graphicHomeAdvance ProgramAward Anniversary EventCall for PapersConference CommitteeLocal InformationPaper SubmissionProgram committeeRegistrationStudent Travel AwardsTutorialgraphic Sigcomm logoSigcomm'99

An Integrated Congestion Management Architecture for Internet Hosts

Hari Balakrishnan, Hariharan S. Rahul
M.I.T. Laboratory for Computer Science

Srinivasan Seshan
IBM T. J. Watson Research Center

This paper presents a novel framework for managing network congestion from an end-to-end perspective. Our work is motivated by trends in tra∆c patterns that threaten the long-term stability of the Internet. These trends include the use of multiple independent concurrent flows by Web applications and the increasing use of transport protocols and applications that do not adapt to congestion. We present an end-system architecture centered around a Congestion Manager (CM) that ensures proper congestion behavior and allows applications to easily adapt to network congestion. Our framework integrates congestion management across all applications and transport protocols. The CM maintains congestion parameters and exposes an API to enable applications to learn about network characteristics, pass information to the CM, and schedule data transmissions. Internally, it uses a window-based control algorithm, a scheduler to regulate transmissions, and a lightweight protocol to elicit feedback from receivers.

We describe how TCP and an adaptive real-time streaming audio application can be implemented using the CM. Our simulation results show that an ensemble of concurrent TCP connections can effectively share bandwidth and obtain consistent performance, without adversely affecting other network flows. Our results also show that the CM enables audio applications to adapt to congestion conditions without having to perform congestion control or bandwidth probing on their own. We conclude that the CM provides a useful and pragmatic framework for building adaptive Internet applications.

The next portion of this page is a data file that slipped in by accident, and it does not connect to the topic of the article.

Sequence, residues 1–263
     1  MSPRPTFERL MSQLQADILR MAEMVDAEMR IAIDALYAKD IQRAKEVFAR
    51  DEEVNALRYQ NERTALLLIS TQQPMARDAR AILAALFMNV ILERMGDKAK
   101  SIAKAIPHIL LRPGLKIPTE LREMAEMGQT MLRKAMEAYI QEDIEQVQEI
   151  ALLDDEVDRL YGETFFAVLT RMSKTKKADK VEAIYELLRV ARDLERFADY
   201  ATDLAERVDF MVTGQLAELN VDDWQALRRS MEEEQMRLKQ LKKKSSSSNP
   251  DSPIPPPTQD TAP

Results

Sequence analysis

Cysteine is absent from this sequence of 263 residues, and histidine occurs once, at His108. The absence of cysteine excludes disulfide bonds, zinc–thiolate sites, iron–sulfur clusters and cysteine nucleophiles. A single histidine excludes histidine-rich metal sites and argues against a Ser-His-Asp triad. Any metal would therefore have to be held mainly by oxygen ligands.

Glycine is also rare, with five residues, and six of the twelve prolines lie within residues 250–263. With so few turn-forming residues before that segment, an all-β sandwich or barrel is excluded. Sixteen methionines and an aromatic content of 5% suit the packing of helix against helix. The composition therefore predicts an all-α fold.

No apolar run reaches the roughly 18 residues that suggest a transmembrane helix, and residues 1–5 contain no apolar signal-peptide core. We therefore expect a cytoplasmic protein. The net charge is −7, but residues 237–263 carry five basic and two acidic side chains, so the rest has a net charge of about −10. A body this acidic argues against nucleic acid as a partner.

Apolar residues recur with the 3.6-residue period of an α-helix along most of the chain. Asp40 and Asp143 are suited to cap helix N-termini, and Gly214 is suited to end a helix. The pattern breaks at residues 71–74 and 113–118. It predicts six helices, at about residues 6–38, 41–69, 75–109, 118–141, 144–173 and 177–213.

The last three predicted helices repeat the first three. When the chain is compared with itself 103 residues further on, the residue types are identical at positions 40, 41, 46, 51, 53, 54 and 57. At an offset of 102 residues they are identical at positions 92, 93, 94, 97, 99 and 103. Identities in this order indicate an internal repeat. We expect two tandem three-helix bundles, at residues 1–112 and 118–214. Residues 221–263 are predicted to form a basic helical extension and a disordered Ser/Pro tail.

Papers are provided as a service to all by the members of ACM SIGCOMM. Please check this box if you are a SIGCOMM member so we can get an idea of how the service is used.

This paper is available in and .

For information about joining SIGCOMM, follow this link

bar

The referenced paper appears in Computer Communication Review, a publication of ACM SIGCOMM, volume 29, number 4, October 1999.

ACM Copyright Notice: Copyright (c) 1999 by Association for Computing Machinery, Inc. (ACM) Permission to make digital or hard copies of all or part of this work for personal or classroom use is granted without fee provided that the copies are not made or distributed for profit or commercial advantage and that the copies bear this notice and full citation on the first page. Copyright for components of this work owned by others than ACM must be honored. Abstracting with credit is permitted. To copy otherwise, to republish, to post on servers, or to redistribute to lists, requires prior specific permission and/or a fee. Request permission to publish from: Publications Dept. ACM, Inc. Fax +1 212 869 0481 or email at mailto:permission@acm.org